So my first question was: “Is there a locus or specific place where we can plug in some type of security to help stop the mischief?”

Looking for insight, I charged down to Best Buy and asked one of the Geek Squad folks if there was such a place or way to limit outside access or control to my internet-connected electronic toothbrush? (I did come out of Best Buy with a brand new, three-year software internet security program for my new computer for only $49.95, discounted to $9.95 because I was going to look at the possibility of purchasing an internet-connected pet feeder)

The Geek Squad person said that the best opportunity for such security is the routers in homes, but, no, there is no Ronco device ($19.99 and… if you call in the next two minutes… you can have TWO Ronco internet security devices. He also said that, fortunately, my floss is still not internet-connected, so I would not have to worry about one of my teeth being yanked out by an evildoer from Nigeria who was trying to get that pesky $25 million out of the country….)

So here are some follow-up questions:

  1. Should there be an oversight body for all devices that will be responsible for creating a minimum standard for security for all of the internet-connected heating systems in the world? (The NSA will still want back-door access to all of the data from your garage opener.) If there is an oversight body, and it creates a minimum security program or level, will it be enough to keep the evildoers out of my kitchen? (I think not.)
  2. Who will go on Shark Tank with the next device (Ronco??) to help create some sort of security for all of the devices in your home? This seems like a great opportunity for someone.
  3. Perhaps it is the cable operators (those who supply the infrastructure of the connections) who should be held responsible for identifying viruses as they go across the cables and stop them. (That is where the NSA gets all of its data, anyway.)
  4. Will I ever be able to look at my internet Ronco coffee maker the same way and not wonder if it is actually a drone for a hacker in Uzbekistan? Will the hackers burn my pizza for me instead of me burning it? Or, worse, will they undercook things? Will a hacker drive my car (in two years, Uber’s car) off the Golden Gate Bridge? (And will I actually be in the car when he does?)
  5. Will the evildoers now open my garage door and take my Xmas stuff i have on the back wall? (There is really a serious question of personal security that will get larger as the bad guys find out how to easily get into businesses and buildings.)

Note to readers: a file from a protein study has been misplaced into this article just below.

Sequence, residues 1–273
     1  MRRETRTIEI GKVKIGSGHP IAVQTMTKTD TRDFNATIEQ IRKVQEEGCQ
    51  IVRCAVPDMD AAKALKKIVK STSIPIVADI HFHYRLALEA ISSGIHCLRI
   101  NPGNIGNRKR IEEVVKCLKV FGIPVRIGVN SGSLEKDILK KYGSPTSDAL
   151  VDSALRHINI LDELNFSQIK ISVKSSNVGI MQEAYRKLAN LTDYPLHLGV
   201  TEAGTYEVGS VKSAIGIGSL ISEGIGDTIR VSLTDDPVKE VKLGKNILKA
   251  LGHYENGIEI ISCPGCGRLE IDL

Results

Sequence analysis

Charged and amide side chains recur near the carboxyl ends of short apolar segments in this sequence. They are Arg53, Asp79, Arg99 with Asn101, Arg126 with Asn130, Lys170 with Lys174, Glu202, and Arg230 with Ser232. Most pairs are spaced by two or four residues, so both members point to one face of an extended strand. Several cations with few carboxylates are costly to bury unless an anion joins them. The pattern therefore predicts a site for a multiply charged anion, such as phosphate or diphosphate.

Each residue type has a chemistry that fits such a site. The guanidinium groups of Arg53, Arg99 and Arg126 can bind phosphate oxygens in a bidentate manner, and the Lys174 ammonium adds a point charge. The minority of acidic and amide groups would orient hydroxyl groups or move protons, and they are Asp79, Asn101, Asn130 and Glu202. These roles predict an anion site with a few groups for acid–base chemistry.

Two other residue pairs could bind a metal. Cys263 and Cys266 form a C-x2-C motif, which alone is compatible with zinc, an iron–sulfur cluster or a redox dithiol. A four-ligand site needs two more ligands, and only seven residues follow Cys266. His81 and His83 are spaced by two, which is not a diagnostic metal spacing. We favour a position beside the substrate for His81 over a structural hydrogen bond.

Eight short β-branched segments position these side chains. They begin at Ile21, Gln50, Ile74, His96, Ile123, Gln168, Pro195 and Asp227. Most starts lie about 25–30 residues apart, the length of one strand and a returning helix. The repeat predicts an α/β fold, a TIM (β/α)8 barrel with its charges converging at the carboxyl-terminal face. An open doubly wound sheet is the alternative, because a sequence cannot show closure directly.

6. Will the government take over my sprinkler systems and stop me from wasting water? (In California, this is a serious issue, and the underlying question of how much will or can the federal state and local government eventually do with the Internet of Everything will be an interesting battleground for the next 15 years.)
  7. Who has the data, and where are all of the devices? Information is king (and queen) nowadays, and knowing where the devices are will allow the evildoers to attack the weakest links. I bet they first hacked the companies who sell the devices to find out where they are. (Should you sign up for a warranty if that information will result in telling the mischief makers where you are and how you are connected?)
  8. Just how safe is the cloud? The attack in October was a distributed denial of service attack, but can the evildoers use my internet-connected fireplace to hack the cloud?
  9. Will all of these security problems have anything to do with privacy issues? What if the miscreants leak my information to Wikileaks about the fact that I have peanut butter in the refrigerator?

As the saying goes: Inquiring minds want to know.

There is an amazing amount of mischief that can be created if we do not have secure devices.

See also: How the ‘Internet of Things’ Affects Strategic Planning  

Think about it… and perhaps unplug your internet-connected litter robot until you know it will only be used by your cat for its original purpose.

The First 100 Days in a New Job

The term “the first 100 days” was coined in a July 24, 1933, radio address by President Franklin D. Roosevelt, who was referring to the 100-day session of the 73rd United States Congress between March 9 and June 17, 1933.